Devoted to the Propagation and Defense of New Testament Christianity
February 20, 1958
NUMBER 41, PAGE 7,10b

Propaganda -- Roman Catholic Style!

Luther W. Martin, St. James, Mo.

The word `propaganda' originally was a word that carried no ill connotation. However, as of the present day, when such a word is used, it generally reflects something ulterior or subversive in its usage. It is in this modern sense of the word, that we have used it in the title to this article.

The Roman Catholic church with all her complex and inter-woven orders, societies and organizations, utilizes very subtle means in spreading her doctrines throughout the world. In this brief article, we desire to consider only a few examples of such propaganda as has recently appeared in some of her publications.

Protestants Have "Stolen" Hymns!

In the national "Catholic Action Weekly," Our Sunday Visitor, December 15, 1957, a priest named J. D. Conway replied to a question about congregational singing, that a Catholic member had directed to him. Conway's concluding paragraph stated:

"These Protestant hymns come from every imaginable source. Luther, the great 'reformer,' wrote many songs; but his modern followers have appropriated the works of their brethren. Many hymns are set to old popular tunes or melodies stolen from the masters. And many of them have Catholic ancestry." (Emphasis mine. L.W.M.)

The writer of the question had complimented the "many pretty hymns" as used in Protestant churches. This apparently irritated Priest Conway to the extent that he felt it necessary to in some way insult or impugn the character or actions of the "Protestant hymn writers." Does Priest Conway consider it "stealing" for a song-writer to make use of what is commonly known as "Public Domain" material? In modern times, when the copyright expires to a tune, it then becomes public property . . . it is thus scarcely charitable or truthful for Conway to charge anyone with having "STOLEN" melodies from the old masters!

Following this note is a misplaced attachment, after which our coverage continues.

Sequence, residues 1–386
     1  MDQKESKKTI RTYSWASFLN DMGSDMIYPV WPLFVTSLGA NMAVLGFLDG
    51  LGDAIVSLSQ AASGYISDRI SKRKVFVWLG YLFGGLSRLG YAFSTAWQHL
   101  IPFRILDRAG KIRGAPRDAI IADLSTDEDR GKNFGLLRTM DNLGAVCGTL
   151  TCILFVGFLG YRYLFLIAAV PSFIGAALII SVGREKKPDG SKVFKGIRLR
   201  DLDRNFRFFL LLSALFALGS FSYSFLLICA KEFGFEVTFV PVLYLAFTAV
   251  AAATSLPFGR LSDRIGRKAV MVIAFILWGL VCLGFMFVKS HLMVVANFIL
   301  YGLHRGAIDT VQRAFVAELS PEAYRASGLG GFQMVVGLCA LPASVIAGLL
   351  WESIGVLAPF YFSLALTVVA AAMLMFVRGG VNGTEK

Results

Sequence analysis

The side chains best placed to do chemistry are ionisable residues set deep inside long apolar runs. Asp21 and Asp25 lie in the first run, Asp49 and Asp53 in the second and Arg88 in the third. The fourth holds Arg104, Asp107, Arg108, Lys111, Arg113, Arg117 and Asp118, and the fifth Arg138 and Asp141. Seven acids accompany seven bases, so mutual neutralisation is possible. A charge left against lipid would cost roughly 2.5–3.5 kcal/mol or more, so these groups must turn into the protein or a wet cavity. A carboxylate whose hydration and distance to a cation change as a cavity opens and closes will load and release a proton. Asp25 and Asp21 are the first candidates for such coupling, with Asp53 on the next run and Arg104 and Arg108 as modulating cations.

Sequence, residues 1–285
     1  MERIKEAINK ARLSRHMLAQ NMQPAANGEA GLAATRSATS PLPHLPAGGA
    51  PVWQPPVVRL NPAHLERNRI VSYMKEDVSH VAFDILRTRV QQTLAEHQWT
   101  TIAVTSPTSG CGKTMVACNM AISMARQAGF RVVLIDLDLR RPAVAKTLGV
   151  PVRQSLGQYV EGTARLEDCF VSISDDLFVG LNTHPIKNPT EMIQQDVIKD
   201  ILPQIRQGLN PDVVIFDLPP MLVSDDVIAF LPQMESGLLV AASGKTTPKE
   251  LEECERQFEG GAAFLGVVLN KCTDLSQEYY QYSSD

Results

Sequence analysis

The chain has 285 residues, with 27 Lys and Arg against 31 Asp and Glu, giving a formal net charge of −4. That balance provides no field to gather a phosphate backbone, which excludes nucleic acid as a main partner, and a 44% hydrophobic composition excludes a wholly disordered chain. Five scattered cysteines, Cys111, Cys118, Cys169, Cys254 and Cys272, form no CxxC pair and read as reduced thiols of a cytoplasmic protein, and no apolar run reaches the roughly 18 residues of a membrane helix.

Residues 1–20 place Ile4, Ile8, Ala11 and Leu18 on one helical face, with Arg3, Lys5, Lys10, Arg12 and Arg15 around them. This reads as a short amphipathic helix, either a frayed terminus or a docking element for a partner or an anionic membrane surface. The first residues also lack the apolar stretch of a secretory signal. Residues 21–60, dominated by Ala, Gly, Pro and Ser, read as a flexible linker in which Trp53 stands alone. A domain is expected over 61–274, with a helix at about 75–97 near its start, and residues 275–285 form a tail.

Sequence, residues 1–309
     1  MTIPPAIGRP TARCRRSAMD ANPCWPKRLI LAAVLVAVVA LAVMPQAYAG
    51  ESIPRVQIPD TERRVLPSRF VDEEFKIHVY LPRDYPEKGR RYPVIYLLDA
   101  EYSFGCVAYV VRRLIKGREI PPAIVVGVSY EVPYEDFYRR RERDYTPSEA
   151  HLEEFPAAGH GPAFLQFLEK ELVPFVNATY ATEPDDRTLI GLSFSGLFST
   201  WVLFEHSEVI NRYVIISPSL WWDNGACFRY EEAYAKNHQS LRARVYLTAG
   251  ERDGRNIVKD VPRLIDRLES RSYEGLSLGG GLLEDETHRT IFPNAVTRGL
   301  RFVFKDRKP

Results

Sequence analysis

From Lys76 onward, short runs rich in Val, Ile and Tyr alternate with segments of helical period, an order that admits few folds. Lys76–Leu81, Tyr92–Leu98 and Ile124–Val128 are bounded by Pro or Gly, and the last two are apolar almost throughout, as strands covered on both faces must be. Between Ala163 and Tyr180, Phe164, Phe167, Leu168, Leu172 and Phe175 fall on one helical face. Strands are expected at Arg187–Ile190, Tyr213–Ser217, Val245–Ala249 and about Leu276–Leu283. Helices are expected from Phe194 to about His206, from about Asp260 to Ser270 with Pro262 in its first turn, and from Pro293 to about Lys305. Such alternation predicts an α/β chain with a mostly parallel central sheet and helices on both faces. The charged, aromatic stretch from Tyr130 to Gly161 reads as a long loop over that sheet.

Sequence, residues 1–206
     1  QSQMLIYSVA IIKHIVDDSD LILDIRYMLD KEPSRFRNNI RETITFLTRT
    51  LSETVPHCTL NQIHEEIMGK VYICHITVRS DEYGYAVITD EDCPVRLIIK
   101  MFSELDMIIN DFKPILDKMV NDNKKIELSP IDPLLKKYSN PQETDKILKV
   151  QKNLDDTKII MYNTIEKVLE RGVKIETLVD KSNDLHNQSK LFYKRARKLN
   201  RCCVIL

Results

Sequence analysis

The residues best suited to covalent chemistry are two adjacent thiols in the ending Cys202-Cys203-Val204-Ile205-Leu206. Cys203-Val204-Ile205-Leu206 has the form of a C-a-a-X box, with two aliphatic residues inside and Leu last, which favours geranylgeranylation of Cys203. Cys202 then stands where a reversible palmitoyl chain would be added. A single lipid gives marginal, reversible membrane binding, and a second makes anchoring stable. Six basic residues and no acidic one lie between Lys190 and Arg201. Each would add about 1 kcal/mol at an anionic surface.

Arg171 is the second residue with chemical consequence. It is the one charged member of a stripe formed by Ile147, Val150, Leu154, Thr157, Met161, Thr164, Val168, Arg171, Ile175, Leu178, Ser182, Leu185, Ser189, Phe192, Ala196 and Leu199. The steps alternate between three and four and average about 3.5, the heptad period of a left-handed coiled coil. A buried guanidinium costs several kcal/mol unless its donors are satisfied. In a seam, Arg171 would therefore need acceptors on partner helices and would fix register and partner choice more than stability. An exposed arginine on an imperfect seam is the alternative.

A Catholic writer, Herrman Busenbaum, in his Christian Theology, book III part VI Chap. I, writes:

"In the case of anyone unjustifiably making an attack on your honour, when you cannot otherwise defend yourself than by impeaching the integrity of the person insulting you, it is quite allowable to do so."

Another Catholic writer, Leonard Lessius expresses himself far more freely (lib. II. De Anat. cap. 2);

"Has anyone made an attack on your honour, you may then at once make use of retaliation, and you have thereby nothing else to observe than to keep up a comparison as much as possible."

Yet another Catholic writer asserts: (Benedict Stattler.)

"It is still more allowable in this case (namely, when one is injured ignominiously) to bring the calumniator to universal notice by a disclosure of his secret transgressions or crimes, by which means people may change their opinion as to his injurious imputations. Also to attribute a false crime to the calumniator is allowable for such an object, if this should be the only sufficient, indispensable, or even serviceable means to deprive him of all belief and credit for his calumniation." (Pages 486-487, History of The Jesuits, by Griesinger.)

Therefore, if it will diminish a Roman Catholic's respect for non-Catholic hymns, then charge them as having been STOLEN!